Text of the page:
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Potential solution for side effect of Alzheimer’s immunotherapy treatment

Published: 
5 November 2015
Amyloid beta plaques
Amyloid beta plaques (green) surrounded by macrophages carrying a receptor for antibodies (red)

It is estimated that 46.8 million people worldwide are living with dementia, with Alzheimer’s disease the most common form.

Now researchers from the University of Southampton have discovered a possible solution for side effects seen in immunotherapy treatment for Alzheimer’s.

Immunotherapy is a promising strategy for the treatment of Alzheimer's that uses antibodies to stimulate the immune system to remove pieces of a protein called amyloid beta which accumulates in the brain (in deposits known as plaques) and is thought to be a major factor driving Alzheimer's neurodegenerative effects.

Antibodies directed against amyloid beta have been able to successfully clear plaques and reverse cognitive deficits in mouse models. However, despite this success, clinical trials using these antibodies caused inflammatory side effects in the brain of Alzheimer’s patients, in particular amyloid-related imaging abnormalities (ARIA), which results in small bleeds and dangerous brain swelling.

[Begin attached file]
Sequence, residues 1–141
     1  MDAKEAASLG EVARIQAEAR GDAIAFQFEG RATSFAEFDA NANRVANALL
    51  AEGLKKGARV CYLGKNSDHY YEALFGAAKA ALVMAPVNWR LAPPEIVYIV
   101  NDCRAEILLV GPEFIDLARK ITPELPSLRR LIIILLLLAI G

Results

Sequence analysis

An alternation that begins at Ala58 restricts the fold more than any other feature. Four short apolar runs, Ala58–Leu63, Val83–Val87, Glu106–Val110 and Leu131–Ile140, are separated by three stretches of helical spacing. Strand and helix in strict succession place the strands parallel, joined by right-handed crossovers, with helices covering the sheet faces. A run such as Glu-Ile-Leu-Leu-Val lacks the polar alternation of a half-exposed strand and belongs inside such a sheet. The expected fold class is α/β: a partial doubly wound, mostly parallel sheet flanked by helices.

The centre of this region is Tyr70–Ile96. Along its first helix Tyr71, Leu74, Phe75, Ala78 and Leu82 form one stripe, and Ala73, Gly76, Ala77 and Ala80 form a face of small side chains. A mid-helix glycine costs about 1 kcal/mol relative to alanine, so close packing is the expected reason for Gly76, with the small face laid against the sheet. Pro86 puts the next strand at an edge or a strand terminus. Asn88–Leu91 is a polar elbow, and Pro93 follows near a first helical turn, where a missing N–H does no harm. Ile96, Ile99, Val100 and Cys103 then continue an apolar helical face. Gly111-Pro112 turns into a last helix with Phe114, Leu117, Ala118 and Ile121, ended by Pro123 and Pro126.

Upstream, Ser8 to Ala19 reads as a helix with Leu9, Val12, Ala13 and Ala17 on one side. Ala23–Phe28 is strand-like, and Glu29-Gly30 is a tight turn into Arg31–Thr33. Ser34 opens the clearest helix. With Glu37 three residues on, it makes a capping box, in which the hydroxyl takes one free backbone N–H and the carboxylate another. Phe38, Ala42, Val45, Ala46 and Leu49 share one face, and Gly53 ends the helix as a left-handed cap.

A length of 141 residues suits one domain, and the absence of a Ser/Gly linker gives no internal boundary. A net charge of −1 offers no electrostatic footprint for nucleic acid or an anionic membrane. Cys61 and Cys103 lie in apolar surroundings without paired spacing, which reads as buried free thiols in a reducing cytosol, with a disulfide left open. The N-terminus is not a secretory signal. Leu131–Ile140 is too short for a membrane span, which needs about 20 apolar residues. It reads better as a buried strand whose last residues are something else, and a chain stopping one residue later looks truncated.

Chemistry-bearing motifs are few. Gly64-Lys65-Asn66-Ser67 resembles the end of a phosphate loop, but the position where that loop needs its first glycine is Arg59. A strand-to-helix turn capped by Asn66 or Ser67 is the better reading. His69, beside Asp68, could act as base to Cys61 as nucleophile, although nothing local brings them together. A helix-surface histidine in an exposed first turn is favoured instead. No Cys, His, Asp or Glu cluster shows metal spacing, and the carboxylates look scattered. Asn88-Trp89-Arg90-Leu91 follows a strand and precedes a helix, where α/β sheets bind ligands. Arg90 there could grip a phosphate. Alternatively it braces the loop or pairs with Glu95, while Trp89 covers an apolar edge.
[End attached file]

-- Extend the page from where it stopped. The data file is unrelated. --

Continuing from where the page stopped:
The multidisciplinary Southampton team, led by Dr Jessica Teeling, and in collaboration with Lundbeck (a multinational pharmaceutical company based in Denmark), engineered three antibodies to change the way they engage cells in the immune system. They found that small but precise changes in the anti-amyloid antibodies preserved the immunotherapeutic activity without the inflammatory side effects.

Dr Teeling, Associate Professor in Immunology at The Centre for Biological Sciences, said: “New antibodies are entering the clinic for Alzheimer’s disease; therefore, it is important to learn all we can from research into these novel interventions and use antibody engineering technology to optimise their effects.”

While these results underline the potential of antibodies to destroy disease-causing plaques in patients and provide possible future treatments, they also indicate that further work is needed to increase antibody potency, but without increasing inflammatory side effects.

Dr Stavenhagen, Head of Biologics at Lundbeck, said: “These studies provide a roadmap of how to apply the advances in antibody engineering to antibody therapeutics that target neurodegenerative diseases. The next generation of antibody drugs to enter the clinic will contain new technologies and enhancements to improve the properties required to clear plaques, while keeping the rest of the brain safe.”

The study was published in the journal Acta Neuropathologica and was funded by the Medical Research Council (MRC).

 

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